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Report, 1995

Hävd av strandängar

Svensson, Andreas; Bengtson, Johan; Andersson, Lars; Widmark, Louise; Lassbo, Mikael; Bengtsson, Roger; Nordström, Thomas


To promote the birdlife in grazelands and increase the multiplicity of plants and animals in flooded meadows (used for harvesting fodder) there is call for a continued cultivation of these areas. For many years these areas were harvested manually, or grazed by cattle from farms located nearby. Due to the rationalization in farming has the cultivation of flooded meadows diminished in extent. These meadows are unique with their plants and animal life and characterized by the annual flooding with nutritious water from local lakes and water-courses. To maintain the cultivation by the use of grazing animals would the livestock of the local region have to be increased a lot. Since this option isn't feasible today, there's an enhanced need for mechanization of cultivation practices at flooded meadows. As the cultivation of flooded meadows has been discontinued will the shores be choked with tall-growing species which means that the amount of biomass increases. This results in a soil with a reduced oxygen content which leads to a slower decomposition of plant remnants. The process elevates the ground and causes overgrowing into much the same as mainland vegetation. Birds of flooded meadows needs low vegetation and distances of at least 100 meters to the nearest bushes or trees. Plant remnants needs to be taken away otherwise it will become a disturbing element for these birds. These meadows will thereby turn into a beneficial environment for nesting and feedseeking birds. The experiences from cultivation of flooded meadows in our country are of various kinds. From conventional ley harvest methods practised in the south to the management of wetland cultivation up north. New methods have been tried out here and there, using for example special constructed machinery or applied military training with crawler type vehicles. These measures can be used for the actual work of putting flooded meadows in order. An essential problem is the carrying capacity for this kind of soil. Therefore considerable requirements are made upon the bearing parts of the used vehicles. To reduce the pressure from beneath the wheels needs the load either be decreased or the carrying surface be increased. The bearing wheels sinks until the surface of support becomes as large, as the pressure on its surface becomes equal with the carrying capacity. Resistance to taxiing comes of tracking and calls for extra energy. To avoid this effect it is better to increase the diameter of the wheels than of the width of the tyres. When the carrying capacity is crucial it is no more than the connected surface layer that gives it any support. At passage across the field becomes the surface of the soil exposed to shearing. The shearing can be decreased through an additional number of wheels or having the machines equipped with crawlers. On soils like these it is the axial weight that influences the carrying capacity. Alternative methods to put fields like these in order is to mill off soil, burn off vegetation or to use a pasture trimmer. Special purpose machines are nowadays under testing. These machines are manufactured by the companies LVR AB and NOVASS AB. Another of these machines is being developed and tested privately by Jossi Kyllenen. There are different kinds of mowers and one of these is the knife mower which is low in weight, power efficient and shears the grass but sensitive towards strange objects lying in the way of its course. Another is the rotary mower that is more dependable in service and works through a combination of shearing and striking. The latter one has a higher capacity but requires an increased engine effect and weight of the tractor. There is also the flail forage harvester that strikes off the grass with flails and transports the material directly to a carriage. The machine can on the other hand pick up pieces of soil and gravel together with the harvested material. Dry soils can be cultivated with conventional ley machines while wet soils sometimes just allow one or two passages across at maximum. The later condition requires direct loading into a collector trailer, alternatively with the mower aggregate mounted in the front of the tractor. When harvesting hey it's often necessary to turnover the material at least once. For the purpose of harvest are various balers and self-loading trailers obtainable. Balers are usually heavy while self-loading trailers can be found in many sizes and often equipped with bogie. They are also flexible as they can carry small loads on quite wet soils. Transport of the harvested material can be done through two different systems. Either directly to final disposal or through transhipment at the roadside of fields. When distances of transport are less than 30 to 40 kilometers transport by tractor can be considered as less expensive than transport by truck. Round bales and rectangular big bales are easy to load and transport on open-sided trailers. The trailers can take a full load with a relatively good utilization of the loading capacity of the carriage. Because of their weight these bales must be loaded on carriages by machine. Using small bales is another beneficial alternative, but these bales need to be heaped up during long-distance transport which requires extra labour to a certain extent. Harvested material that is not baled can either be transported with a self-loading trailer or a truck carrying containers. The self-loading trailer is good at shorter distances of transport but less suitable for transhipment. The removed material can be deposited in the following ways: • Forage to livestock. The forage can be of special value if classified as KRAV-approved feed. It can also become horse-feed to a certain extent. • Green manuring of arable land. The material needs in this case to be chopped. Material with nitrogen deficiency can tie itself to the nitrogen of the soil in connection with the decomposition. The nitrogen dissolves itself when the process of decomposition is concluded. • Soil at vegetable production. The material should be chopped and the method can result in positive effects upon noxious insects, weed, soil moisture and soil structure. • Composting. Fresh material should be mixed with other substances. Two alternatives are: 1. Windrow composting has many disadvantages and is not recommended. 2. Compost blended with parkwastes has more advantages than drawbacks. • Retting. In the process of retting biogas is produced. Research is in progress and several interesting byproducts can be extracted, as for example forage. The condition is an existing and suitable plant for biogas production located nearby. • Incineration. It requires particular furnaces with certain properties of combustion. • Landfill. The material is not suitable for established municipal set-ups and the initial cost for new set-ups can be extensive. Not recommended. Other important issues to take into consideration: • How is the nutrient and energy content of the green forage utilized? • Is there any economic value in the green forage? • How can transportation work be minimized? • Which resources and possibilities are available? Finally, from a general point of view it is nearly impossible to decide which machinery that is most suitable for a particular type of soil or the cost of cultivation of flooded meadows. The conditions varies a lot between the regions, which means that many aspects needs to be taken into account for in each case.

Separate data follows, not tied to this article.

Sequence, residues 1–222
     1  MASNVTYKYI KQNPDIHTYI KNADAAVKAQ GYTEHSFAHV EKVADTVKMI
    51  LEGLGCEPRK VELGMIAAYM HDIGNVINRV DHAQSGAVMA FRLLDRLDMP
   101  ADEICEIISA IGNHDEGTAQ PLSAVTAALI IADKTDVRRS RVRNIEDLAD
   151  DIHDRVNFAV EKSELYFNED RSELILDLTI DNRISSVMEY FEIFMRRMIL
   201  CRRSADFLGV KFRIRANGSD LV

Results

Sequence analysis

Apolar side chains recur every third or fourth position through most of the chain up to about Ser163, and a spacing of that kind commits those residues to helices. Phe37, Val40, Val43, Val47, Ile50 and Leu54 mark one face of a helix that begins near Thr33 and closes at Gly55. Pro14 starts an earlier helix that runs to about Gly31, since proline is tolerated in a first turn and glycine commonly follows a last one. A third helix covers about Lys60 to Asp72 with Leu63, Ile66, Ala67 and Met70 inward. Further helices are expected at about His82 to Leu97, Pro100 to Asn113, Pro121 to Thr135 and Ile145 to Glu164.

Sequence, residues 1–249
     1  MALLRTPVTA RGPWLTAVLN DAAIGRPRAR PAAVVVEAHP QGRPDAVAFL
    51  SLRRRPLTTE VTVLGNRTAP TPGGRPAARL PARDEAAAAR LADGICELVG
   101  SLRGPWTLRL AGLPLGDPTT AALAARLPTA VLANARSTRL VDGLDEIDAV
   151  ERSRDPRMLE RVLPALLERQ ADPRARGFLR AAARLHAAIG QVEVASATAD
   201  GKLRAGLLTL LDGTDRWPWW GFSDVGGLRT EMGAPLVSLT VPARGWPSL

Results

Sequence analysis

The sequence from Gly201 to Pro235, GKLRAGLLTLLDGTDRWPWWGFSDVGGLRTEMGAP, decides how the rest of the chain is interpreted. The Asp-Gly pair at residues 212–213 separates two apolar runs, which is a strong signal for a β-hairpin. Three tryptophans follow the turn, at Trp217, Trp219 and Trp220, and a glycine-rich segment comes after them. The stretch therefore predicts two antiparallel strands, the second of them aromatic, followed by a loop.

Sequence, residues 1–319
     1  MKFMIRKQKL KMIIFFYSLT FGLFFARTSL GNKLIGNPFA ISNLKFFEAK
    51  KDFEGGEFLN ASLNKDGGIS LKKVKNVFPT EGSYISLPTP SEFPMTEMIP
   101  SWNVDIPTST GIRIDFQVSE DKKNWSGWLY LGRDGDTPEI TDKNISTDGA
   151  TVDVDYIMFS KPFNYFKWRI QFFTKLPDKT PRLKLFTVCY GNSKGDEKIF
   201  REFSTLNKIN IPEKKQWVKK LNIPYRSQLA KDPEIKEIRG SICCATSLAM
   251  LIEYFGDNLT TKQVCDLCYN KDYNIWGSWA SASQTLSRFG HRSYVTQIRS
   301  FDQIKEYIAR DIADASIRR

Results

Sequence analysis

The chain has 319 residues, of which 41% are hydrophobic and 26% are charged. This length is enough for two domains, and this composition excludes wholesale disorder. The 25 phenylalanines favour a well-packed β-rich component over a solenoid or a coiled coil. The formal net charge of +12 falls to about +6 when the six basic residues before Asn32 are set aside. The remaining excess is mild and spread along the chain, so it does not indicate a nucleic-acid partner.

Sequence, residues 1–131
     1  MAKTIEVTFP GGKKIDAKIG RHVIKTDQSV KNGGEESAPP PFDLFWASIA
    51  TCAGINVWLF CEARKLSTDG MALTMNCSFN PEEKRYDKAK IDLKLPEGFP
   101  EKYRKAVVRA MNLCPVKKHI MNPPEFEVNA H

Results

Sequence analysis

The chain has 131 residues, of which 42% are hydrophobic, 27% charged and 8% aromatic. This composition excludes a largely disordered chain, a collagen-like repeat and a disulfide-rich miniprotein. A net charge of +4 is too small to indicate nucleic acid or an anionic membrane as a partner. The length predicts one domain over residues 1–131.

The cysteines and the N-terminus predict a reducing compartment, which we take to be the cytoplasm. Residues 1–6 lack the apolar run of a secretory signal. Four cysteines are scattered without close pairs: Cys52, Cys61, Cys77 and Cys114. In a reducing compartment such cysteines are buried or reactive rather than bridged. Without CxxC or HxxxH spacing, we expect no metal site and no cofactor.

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Rapport - Sveriges lantbruksuniversitet, Institutionen för lantbruksteknik
Publisher: Institutionen för lantbruksteknik, Sveriges lantbruksuniversitet